If I had known then what you just said above, I would never have taken her to the park and let her off lead until her recall was solid. We trained our dog to not come by letting her run around at the park, the beach, and the tennis court before she was ready, thinking that it was just a process that we were working through and she would get it eventually with repetition. So every recall training session we did was totally undone by letting her run around wild. Oh well. So now I have an unstrustworthy dog who can never be off lead. We still work on recall, but I think her early wanderings were so reinforcing that she'll never really be reliable.

To the OP - consider me the poster child of how not to train a reliable recall. Get that recall solid before you let your dog run around off leash anywhere!
It's not brain surgery and it's so simple to stop bad habits before they begin and I don't know how many posts are in DF about this problem of people that are not able to catch their dogs in the yard even. No jerking of lead is used, I don't mind pulling a pup to me slowly after my recall word while squealing happy sounds etc and then when there giving him/her a "To Die For Reward" The recall word is started in home anyway. One thing Winnie, nobody knows these things ahead of time, the first dog that people try to train most of the time manages to survive the mistakes owners make. It even takes skills to dig a ditch, the more ditches you dig the better ditch digger you become.

The issue we ran into with a long lead is that it was too dangerous when you wanted to try it other places (ie with distractions etc). One incident with my dog running a quick circle around some old lady ...... well we avoided any broken hips but that was it for the long lead in public places. LOL.
An e-collar used properly is an alternative.
Peppy
There are problems with a long lead used outside the yard. But you must crawl before you walk and if people at least start the correct program in yard and don't have a bad habit started before they take dogs out of yard it's got to be a better program. You have mentioned the next step in this type of work. My next step would be taking dog to an area with no other people. An hour ride and a lot of people are in the country and you take your dog for a walk with dragging 100 ft lead in a deserted field. Most 4 or 5 month old puppies in a field are not going to run too far. A recall word and you running away from pup as fast as you can usually has some good results and you are continuing the come habit. The common trend nowadays is that everybody is so interested in rushing to the dog park to turn loose their untrained pups and the pups are scooping in knowledge about how they don't have to come back. Very self rewarding when they have other pups/dogs to play with. I'm not going to get into e-collar use with a pup as I never needed it. This program is as I said above a kindergarten program and an e-collar is not used for kindergarten.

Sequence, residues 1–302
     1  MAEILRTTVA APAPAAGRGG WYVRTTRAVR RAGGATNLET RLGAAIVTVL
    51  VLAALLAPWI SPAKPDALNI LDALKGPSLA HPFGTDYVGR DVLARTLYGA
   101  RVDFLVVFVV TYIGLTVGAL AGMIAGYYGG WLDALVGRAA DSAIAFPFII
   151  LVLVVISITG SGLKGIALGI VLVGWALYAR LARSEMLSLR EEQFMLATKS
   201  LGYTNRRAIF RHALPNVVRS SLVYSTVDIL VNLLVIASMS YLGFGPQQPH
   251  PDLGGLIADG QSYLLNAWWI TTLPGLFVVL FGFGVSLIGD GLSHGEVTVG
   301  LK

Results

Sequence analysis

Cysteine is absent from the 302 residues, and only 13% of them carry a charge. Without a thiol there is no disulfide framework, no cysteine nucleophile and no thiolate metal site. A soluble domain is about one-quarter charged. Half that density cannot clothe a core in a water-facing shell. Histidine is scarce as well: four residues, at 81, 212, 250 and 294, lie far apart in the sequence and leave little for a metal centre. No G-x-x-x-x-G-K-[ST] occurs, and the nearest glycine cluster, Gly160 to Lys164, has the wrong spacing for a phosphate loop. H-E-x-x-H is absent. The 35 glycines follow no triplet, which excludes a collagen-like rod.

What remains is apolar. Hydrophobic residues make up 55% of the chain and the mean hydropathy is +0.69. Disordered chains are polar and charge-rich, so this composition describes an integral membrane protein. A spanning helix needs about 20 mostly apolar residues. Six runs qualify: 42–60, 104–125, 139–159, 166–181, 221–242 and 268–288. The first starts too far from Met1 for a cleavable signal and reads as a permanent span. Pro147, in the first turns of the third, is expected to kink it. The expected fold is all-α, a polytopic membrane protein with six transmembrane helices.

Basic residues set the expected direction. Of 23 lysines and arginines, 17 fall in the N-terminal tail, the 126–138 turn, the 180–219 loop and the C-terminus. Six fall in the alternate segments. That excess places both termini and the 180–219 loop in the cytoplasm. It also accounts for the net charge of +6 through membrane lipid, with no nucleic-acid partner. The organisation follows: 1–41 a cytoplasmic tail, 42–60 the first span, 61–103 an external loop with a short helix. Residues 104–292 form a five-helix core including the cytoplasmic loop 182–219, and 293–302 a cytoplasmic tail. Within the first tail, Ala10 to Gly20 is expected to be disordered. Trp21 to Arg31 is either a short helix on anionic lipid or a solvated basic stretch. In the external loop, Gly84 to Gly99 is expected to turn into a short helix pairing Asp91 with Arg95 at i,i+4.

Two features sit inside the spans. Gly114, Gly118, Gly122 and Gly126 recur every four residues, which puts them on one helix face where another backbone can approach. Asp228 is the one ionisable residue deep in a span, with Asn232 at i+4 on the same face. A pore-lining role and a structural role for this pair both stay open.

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Good info here. It's so simple to just expect your dog to learn things without putting some thought into it and then boom you have an issue you have to UNTRAIN.
This is why I recommend every single dog owner (puppy or adult) go to classes with a good trainer who will tell you not only how to teach the dog what you want them to learn but also to be there to tell you when you are doing something incorrectly. So much frustration avoided if you start off on the right foot.

Wvasko, thank you for reiterating that neg. reinforcement techniques are for advanced work and proofing, not for the wee kiddies. That's all I'll say about that. LOL.
 

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I totally agree re working with good trainers and attending puppy classes, which we did do. Unfortunately for us, we picked a trainer who was unable to identify the root of the problem as described so neatly by wvasko above.

With a little more experience, I can now see that she didn't have much of a repetoire beyond puppy 101 stuff. We learned a great deal from her that was useful but on this one issue we got bad advice. In the end, though, it was our dog and our responsibility to figure out and fix the issue. She's still a great dog and we're besotted with her, so it's all good! :D